Culpeper’s history comes alive during Remembrance Days

Note: This is the first article in a four-part series leading up to the celebration of Remembrance Days in Culpeper April 20-21. Today: Remembering Culpeper’s part in the War for Independence and the War Between the States)

Culpeper has a notable past, a vibrant present and a promising future.
Remembrance Days gives residents and visitors an opportunity to remember its past and the people who shaped it.
From 17-year-old future president George Washington, who had his first job as a surveyor in Culpeper to Culpeper native Gen. Edward Stevens and the Culpeper Minutemen to Culpeper-born Confederate Gen. Ambose Powell (A.P.) Hill and his 13th Virginia Infantry, this area has seen its share of heroes.

Remembrance Days will pay homage to Culpeper’s rich history with events at the Museum of Culpeper History, the adjoining Burgandine House, historic St. Stephen’s Episcopal Church and the Graffiti House in Brandy Station.
“This is the seventh year for Remembrance Days,” said Lori Sorrentino, Culpeper tourism director. “Windmore will host an exciting Civil War Civil War spy presentation on April 20, there will be – for the first time – special events focusing on black history and there will be re-enactors at the Museum of Culpeper History.”

Also, historic Little Fork Episcopal Church in Rixeyville will have a special program April 20 from 11 a.m. to 3 p.m. in the Parish Hall which will include a colonial service and colonial music, dancers, games and a special tea.” (For more information visit:
During the War Between the States, 150 years ago in 1863, the issuance of the Emancipation Proclamation freeing slaves in Southern-held states and the battles of Kelly’s Ford and Brandy Station had historic impact on the Culpeper area.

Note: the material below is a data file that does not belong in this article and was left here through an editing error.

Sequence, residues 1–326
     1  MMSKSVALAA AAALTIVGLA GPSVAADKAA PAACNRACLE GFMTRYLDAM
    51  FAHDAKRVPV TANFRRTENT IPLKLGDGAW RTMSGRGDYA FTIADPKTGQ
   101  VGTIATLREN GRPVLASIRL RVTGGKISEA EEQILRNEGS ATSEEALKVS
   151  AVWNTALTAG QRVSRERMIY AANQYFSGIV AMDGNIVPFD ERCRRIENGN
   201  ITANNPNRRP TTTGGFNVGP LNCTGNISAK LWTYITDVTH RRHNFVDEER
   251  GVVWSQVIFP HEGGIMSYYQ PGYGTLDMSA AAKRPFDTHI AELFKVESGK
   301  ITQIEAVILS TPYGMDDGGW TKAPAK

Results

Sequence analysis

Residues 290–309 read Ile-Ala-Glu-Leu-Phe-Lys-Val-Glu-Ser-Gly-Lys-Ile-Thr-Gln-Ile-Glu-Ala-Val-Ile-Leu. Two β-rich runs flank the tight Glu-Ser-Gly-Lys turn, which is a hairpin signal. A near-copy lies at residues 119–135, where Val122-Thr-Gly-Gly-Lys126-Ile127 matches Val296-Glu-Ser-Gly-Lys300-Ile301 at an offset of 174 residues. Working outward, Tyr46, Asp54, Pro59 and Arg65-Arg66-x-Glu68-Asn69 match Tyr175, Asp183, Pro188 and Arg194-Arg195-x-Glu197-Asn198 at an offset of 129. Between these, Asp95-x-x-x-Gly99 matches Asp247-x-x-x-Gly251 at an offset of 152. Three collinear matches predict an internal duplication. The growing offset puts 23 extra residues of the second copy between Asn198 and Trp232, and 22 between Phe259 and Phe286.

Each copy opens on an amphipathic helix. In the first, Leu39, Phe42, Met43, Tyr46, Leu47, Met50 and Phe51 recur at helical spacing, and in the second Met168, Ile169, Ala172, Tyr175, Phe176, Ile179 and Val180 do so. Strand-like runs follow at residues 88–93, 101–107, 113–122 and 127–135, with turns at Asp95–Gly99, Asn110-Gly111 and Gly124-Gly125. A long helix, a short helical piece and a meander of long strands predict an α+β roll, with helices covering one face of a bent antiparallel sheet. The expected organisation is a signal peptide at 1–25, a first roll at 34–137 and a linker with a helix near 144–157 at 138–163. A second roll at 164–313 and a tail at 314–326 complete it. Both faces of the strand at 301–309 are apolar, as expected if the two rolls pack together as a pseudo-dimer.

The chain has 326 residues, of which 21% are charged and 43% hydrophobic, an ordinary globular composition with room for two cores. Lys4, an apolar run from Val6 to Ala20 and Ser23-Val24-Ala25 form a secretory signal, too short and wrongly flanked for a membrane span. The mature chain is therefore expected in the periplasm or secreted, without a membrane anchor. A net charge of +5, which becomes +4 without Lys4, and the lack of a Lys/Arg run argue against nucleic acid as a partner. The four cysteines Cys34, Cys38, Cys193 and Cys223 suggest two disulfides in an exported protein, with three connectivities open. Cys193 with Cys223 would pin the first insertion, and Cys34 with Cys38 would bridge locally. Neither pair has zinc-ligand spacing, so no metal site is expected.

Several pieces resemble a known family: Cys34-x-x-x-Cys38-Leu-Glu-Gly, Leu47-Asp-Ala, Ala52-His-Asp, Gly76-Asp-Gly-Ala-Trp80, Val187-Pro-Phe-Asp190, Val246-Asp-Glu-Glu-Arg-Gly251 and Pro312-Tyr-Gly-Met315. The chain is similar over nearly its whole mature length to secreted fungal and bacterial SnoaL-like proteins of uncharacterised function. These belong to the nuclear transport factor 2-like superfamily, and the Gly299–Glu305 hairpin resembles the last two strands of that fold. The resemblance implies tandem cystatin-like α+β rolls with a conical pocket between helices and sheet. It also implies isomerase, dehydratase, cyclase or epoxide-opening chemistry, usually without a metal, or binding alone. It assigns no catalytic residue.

“The Museum of Culpeper History will host a Civil War encampment on the museum lawn and at the Hill mansion on East Street and there will be Colonial dancers on Saturday afternoon,” wrote Lee Langston-Harrison, museum executive director in an e-mail.
The museum itself and the adjacent Burgandine House – Culpeper’s oldest house – will be open all weekend (10 a.m. to 5 p.m. Friday and Saturday and Sunday 1 to 5 p.m.) with living historians. The museum exhibit focuses on life in Culpeper during 1863.
“There will be Civil War and Sons of the American Revolution re-enactors all weekend,” wrote Langston-Harrison.
“Friday afternoon (April 19) any school group is invited to come over and interact with civilians in the historic Civil War encampment area.” (For more information call: 829-1749).

The Graffiti House in Brandy Station served as a field hospital during the War Between the States and was also Federal headquarters during the Union Encampment of 1863-63. Soldiers from both sides made drawings and signed their names and units on the walls. The graffiti was rediscovered in 1993 and much of it has been painstakingly preserved.
“The house will be open Friday, Saturday and Sunday from 11 a.m. to 4 p.m.” wrote Joe McKinney, president of the Brandy Station Foundation in an e-mail. “I will be giving a special free presentation Saturday and Sunday beginning at 2 p.m. about the history of the house.” (For more information call 219-7478)
For details on Culpeper Remembrance Days go to: or see: Culpeper Remembrance Days on Facebook.
Next week: The Quest for Freedom